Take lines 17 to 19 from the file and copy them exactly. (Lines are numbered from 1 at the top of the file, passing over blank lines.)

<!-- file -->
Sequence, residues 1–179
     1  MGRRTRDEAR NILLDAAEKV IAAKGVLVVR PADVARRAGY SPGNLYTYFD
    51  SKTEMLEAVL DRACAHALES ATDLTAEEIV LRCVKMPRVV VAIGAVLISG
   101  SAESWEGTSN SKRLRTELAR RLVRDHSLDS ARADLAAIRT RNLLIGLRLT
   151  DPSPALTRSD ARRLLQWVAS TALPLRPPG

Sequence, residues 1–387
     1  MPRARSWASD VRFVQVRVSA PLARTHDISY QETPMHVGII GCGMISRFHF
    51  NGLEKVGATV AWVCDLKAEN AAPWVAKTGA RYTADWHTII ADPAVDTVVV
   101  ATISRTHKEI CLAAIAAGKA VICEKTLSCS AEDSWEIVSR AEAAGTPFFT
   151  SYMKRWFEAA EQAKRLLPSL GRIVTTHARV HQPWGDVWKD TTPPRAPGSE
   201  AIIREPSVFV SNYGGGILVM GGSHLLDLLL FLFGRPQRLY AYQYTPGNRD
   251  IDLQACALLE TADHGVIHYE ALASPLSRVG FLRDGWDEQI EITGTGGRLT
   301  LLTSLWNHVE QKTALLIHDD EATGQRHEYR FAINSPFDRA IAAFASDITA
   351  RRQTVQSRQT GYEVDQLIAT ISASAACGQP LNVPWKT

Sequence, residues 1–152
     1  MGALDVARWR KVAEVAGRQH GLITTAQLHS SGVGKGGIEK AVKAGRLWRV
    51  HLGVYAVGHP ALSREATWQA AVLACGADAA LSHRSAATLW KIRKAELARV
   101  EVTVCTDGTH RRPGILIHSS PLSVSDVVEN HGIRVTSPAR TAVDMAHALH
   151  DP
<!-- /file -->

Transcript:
    51  HLGVYAVGHP ALSREATWQA AVLACGADAA LSHRSAATLW KIRKAELARV
   101  EVTVCTDGTH RRPGILIHSS PLSVSDVVEN HGIRVTSPAR TAVDMAHALH
   151  DP